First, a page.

4. 4. 2. Shale Industry Moves (cont.) E&P – Company news • A joint venture of EV Energy Partners, Chesapeake Energy and Total plans to drill 190 Utica shale wells in 2014 in addition to the 370 it has already drilled. The wells will be drilled in the wet-gas region of the Utica play, as well as some in the volatile oil area. The partnership has leased 158,000 acres in the Utica Ohio play and 15,000 acres in Pennsylvania. • BP halted its development plans in the Utica shale play, citing its decision to create a separate BP business around its U.S. lower 48 onshore oil and gas activities and appraisal results as reasons for the decision. • Rice Energy’s Bigfoot 9H, its first operated Utica Shale well, stabilized at a rate of 41.69 MMcf/d of gas on a 33/64" choke, with flowing casing pressures of 5850 psi. The results make Bigfoot the Utica's largest producing well so far, surpassing Antero Resources' Yontz well. • Magnum Hunter Resources is selling its remaining Canadian assets for approximately $67.5 million in order to focus on the Marcellus and Utica shale plays in West Virginia and Ohio. • EQT stopped all Utica drilling activities after disappointing results from wells at the edge of the Ohio play prompted it to evaluate its prospects. The company, which will now shift its attention towards the Marcellus play, was active in the western Utica region. • Aubrey McClendon's American Energy Partners rented seven rigs from Chesapeake Energy at a cost of between $23,500 and $26,000 a day. The companies signed six-month agreements in October to drill for American Energy in Ohio's Utica shale play. 5
  5. 5. 2. Shale Industry Moves (cont.) Financial Results • Chesapeake Energy's Q1 profit was $425M, compared to $102M in the first quarter of 2013. Revenues grew by 47% YOY to $5.05B. Utica Shale average peak production was 1,180 Boe/d at the company’s 47 wells that commenced first production. • Antero Resources reported net income of $88M, a 225% increase over the prior year quarter and 21% higher than the previous quarter. Net production averaged 786 MMcfe/d, a YOY increase of 105% driven by 24 new Marcellus wells and 12 new Utica wells brought online. • Cabot Oil & Gas' Q1 net income reached $109.7M, a 102% increase over Q1 2013. Total production was 119.9 Bcfe, up 34% over the same quarter last year. • Hess Energy’s Q1 profit was $386M, down from $1.276B in the first quarter of 2013, due to the divestiture of its E&P and downstream businesses. The company’s total production dropped to 318,000 Boe/d from 389,000 the year before. • PDC Energy reported a net loss for the quarter of $2.1M, compared to a net loss of $39.4M in Q1 2013. Production increased 44% to 26,700 Boe/d compared to 18,500 Boe/d in the first quarter of 2013, and increased 2% compared to Q4 of 2013. The increase was due to horizontal drilling in the Wattenberg Field, Utica Shale and Marcellus Shale. • Magnum Hunter reported oil and gas revenues of $70.2M, an increase of 103% over Q1 2013 that partially resulted from its expanded drilling efforts in the company’s core Marcellus and Utica operations. Production increased 102% to an average of 14,796 Boe/d, compared to 7,322 Boe/d the year before. 6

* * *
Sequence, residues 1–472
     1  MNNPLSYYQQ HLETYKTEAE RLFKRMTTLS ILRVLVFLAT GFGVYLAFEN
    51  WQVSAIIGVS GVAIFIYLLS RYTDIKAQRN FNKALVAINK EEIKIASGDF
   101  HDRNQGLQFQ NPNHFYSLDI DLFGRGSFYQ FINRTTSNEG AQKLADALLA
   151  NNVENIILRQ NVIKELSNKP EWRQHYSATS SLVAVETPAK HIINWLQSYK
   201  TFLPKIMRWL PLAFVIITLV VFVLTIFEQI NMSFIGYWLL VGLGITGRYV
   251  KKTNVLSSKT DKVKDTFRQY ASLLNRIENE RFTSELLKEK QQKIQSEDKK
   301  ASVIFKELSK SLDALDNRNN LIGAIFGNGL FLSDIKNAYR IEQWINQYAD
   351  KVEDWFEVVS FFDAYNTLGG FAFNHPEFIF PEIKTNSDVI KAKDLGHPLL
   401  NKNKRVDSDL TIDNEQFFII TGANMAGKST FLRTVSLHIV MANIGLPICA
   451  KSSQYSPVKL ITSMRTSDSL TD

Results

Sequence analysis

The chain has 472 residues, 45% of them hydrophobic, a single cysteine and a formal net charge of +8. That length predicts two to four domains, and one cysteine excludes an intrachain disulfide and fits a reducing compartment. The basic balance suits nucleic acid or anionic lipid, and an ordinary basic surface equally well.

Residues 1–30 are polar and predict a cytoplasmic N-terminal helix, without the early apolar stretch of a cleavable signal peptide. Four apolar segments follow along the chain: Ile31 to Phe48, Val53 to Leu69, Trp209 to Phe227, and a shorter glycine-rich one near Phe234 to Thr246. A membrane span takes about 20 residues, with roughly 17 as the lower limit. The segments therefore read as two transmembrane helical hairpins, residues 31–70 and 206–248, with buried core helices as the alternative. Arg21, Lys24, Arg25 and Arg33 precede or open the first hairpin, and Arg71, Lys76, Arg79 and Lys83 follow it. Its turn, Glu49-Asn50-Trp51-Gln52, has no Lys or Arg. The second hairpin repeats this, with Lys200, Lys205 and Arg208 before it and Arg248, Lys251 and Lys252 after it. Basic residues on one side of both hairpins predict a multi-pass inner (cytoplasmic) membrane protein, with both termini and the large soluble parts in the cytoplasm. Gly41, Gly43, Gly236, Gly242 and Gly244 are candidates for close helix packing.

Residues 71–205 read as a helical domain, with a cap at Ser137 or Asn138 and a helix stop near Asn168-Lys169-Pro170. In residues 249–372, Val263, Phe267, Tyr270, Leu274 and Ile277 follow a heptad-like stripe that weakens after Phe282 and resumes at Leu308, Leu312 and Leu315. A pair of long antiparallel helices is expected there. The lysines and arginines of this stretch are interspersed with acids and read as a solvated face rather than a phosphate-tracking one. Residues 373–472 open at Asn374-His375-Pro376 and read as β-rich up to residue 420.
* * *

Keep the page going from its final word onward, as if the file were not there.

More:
6. 6. 3. Ohio Shale Infrastructure Midstream • Energy Transfer Partners hopes to build 600 miles of 2.2-billion cf/d capacity pipeline from the Marcellus and Utica plays. The pipeline would flow gas from Pennsylvania, West Virginia and Ohio to Energy Transfer's existing Panhandle Eastern Pipe Line and another Midwest pipeline near Defiance, Ohio, then to the Union Gas Dawn Hub near Sarnia, Canada. • Access Midstream Partners' Utica East Ohio midstream service complex will undergo an expansion that will increase its capacity to 1 billion cubic feet per day and allow for a processing capacity of more than 1.1 bcf/d. • Dominion Resources announced the Lebanon West II project, a pipeline that will transport 130,000 dekatherms per day of Marcellus shale production from Butler County, Penn. to Lebanon, Ohio. The pipeline is scheduled to be operational in late 2016 and last for 20 years. • Magnum Hunter Resources subsidiary GreenHunter Resources plans to build three short pipelines, a total of 34 miles in length, in Pennsylvania and West Virginia. The three pipelines will each be dedicated to either brine/wastewater, fresh water or condensate. • Kinder Morgan announced that Antero Resources subscribed to 100% of the capacity for the proposed $782-million Tennessee Gas Pipeline Broad Run expansion in the West Virginia Marcellus play for a 15-year period. • Williams announced it was suspending the Bluegrass Pipeline, citing slow customer uptake. The proposed natural-gas-liquids project would have transported NGLs from the Utica and Marcellus regions to Gulf Coast for processing and sale. Boardwalk Pipeline Partners, which is partnering with Williams on the project, said the plan may be revisited in the future. 7